Tensee slid back into the booth and returned Bruuk’s credit card, who immediately wrapped a massive arm around her possessively. She leaned into him and purred, sniffed the air and discreetly changed the subject. “He’s a smart one, with smart friends. Handsome, too!”

Ian chuckled. “I suppose he’s that, yeah.”

“I meant you.”

Both of Bruuk’s ears flicked indignantly. “Hey!” Despite his protest, his grip around her tightened affectionately. The two of them together were almost nauseatingly cute.

“Bricky, you’s a handsome male, but you are never going to match his scar. Or his glass eye.”

“Wouldn’t bloody advise it,” Ian said. Somehow, he wasn’t self-conscious about that when it was a Gaoian female pointing it out. Especially not one who’d picked up a few wounds herself. “It stung a bit.”

“Only a bit?”

Bruuk chittered. “You gotta understand, in his Clan, that kinda understatement means it was the most painful shit ever.”

“M-hmm,” Ian agreed. “Took more than a sit-down and a cup of tea to get me back on my feet, I’ll tell you.”

“Handsome and understated! You picked a good cousin, mister brick! Could learn a few things from him, too…”

Ian had to tease him a bit. “Never be as handsome, though…”

“Eh,” Bruuk waved a massive paw. “It’s okay. I’ll settle ‘fer well-hung an’ hulkin’ over a missing eye any day.”

He looked Tensee in the eye, pant-grinned and flicked his left ear in what Ian knew to be a decidedly filthy bit of body language. He must not have been exaggerating because she suddenly demurred and looked away to see if the breakfast was coming.

Which it was, for maximum sitcom timing. The waitress gave the two laughing males a suspicious look, refilled Ian’s coffee, and returned to the bar with a prim expression as though she knew exactly what they were discussing and didn’t care for it one bit.

They ate their breakfast mostly in silence. Bruuk’s was a mountain of eggs, meat, and veg to satisfy whatever minimal fiber he needed to move all that grease along. Tensee had got herself the smoked haddock kedgeree. They planned to go hiking later in the day and asked if he wanted to come along. He’d worried he’d be the third wheel, but that was apparently an utterly alien concept to Gaoians, so…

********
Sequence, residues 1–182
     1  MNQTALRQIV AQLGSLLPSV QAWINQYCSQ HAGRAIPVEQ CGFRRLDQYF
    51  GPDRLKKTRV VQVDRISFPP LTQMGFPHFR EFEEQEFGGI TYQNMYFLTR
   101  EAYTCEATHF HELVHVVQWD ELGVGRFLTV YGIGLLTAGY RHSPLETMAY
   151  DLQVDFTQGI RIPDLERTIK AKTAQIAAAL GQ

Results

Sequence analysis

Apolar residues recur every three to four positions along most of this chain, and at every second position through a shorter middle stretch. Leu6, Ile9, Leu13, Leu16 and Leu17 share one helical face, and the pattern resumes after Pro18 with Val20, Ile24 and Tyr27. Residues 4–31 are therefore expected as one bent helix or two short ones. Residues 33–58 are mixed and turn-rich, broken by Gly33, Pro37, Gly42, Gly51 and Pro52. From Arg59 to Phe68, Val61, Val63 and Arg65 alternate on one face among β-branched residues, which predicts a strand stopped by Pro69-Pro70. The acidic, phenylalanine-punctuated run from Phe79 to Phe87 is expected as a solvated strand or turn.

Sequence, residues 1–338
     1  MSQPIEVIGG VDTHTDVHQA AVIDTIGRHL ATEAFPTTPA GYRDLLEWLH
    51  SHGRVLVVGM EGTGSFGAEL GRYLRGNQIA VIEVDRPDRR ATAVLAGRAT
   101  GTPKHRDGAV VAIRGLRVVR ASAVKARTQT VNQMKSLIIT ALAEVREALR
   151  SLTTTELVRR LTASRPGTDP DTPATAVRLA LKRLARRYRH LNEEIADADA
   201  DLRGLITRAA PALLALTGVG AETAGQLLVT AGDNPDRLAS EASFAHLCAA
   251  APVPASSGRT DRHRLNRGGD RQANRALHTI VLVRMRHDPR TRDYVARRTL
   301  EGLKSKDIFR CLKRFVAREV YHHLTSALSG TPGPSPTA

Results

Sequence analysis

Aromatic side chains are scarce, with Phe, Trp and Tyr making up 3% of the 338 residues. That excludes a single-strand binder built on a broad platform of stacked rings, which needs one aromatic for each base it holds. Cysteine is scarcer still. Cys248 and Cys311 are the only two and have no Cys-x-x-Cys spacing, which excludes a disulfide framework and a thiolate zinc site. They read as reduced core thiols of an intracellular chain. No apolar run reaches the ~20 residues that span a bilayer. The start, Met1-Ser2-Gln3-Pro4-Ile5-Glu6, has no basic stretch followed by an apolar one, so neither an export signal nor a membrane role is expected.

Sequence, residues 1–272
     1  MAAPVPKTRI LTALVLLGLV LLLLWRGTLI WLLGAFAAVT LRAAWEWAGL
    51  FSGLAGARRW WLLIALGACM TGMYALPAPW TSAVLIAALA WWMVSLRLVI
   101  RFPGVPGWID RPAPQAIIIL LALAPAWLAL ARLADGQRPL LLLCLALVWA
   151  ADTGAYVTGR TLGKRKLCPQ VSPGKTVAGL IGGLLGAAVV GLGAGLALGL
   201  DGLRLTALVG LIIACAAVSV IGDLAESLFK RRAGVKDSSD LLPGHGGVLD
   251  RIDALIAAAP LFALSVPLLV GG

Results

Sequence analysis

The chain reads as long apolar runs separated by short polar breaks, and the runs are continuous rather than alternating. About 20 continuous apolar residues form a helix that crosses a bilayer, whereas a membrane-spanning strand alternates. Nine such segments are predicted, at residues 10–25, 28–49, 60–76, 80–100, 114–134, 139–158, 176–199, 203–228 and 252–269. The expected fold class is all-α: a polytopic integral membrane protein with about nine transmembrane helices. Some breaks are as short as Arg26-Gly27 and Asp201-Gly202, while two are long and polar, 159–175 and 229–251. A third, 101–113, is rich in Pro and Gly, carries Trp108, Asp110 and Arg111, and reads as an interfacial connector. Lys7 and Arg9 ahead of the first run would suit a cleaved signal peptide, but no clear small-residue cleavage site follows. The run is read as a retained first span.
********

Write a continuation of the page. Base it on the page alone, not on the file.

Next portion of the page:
Honestly? Why not? His hangover was clearing up, things in his head were…well, they weren’t sorted out exactly, but he still felt like he’d taken a step in the right direction. A good hike and some fresh air might just do the rest. And even if they didn’t…that wouldn’t matter, really.

He already felt much better.

Date Point: 18y6m2w5d AV
The White House, Washington DC, USA, Earth

President Beau Chambliss

There was the usual fallout. The reignition of a debate that would never go away so long as America existed. The usual powerful voices wanting a word in the President’s ear about what he should do in response to Grand Central. As though it was inevitable that every action had an executive reaction. As if by exerting his authority he could somehow put things right.

He wanted to shake some of them, call them what they were: vultures. People were dead, and here they came a-circling, looking to pressure the President into doing something. Not because it would actually put the world right again—nothing could achieve that—but because it would further their own dreams. Vultures on both sides, each more concerned with pecking at their mortal enemies over the carrion than with something as vulgar as common decency and grief.

It was enough to make him look forward to his session with Ambassador Etsicitty later. This time on Cimbrean, to meet with Vemik after all.

But first, the placations, and the standing of his ground.

“You know, I see these kinds of things, and of course I want to do something about them. Of course I want to build an America where this doesn’t happen. The obstacle isn’t will: the obstacle is that no bill, law or executive order holds jurisdiction over the human soul. There’s no piece of paper I can sign that will mend a broken mind.”

“There’s plenty you can do, Mister President. Ways in which you can make it harder for this to happen again…”

“How?” Chambliss asked. He sat back and rested his arm lightly on the back of the couch. “The APA were using military equipment. Carbines with grenade launchers! The armed officers there to protect the station were killed in the opening seconds of the massacre. Despite that, every emergency and security measure in that building worked flawlessly, and dozens, probably hundreds of people escaped unharmed because of them.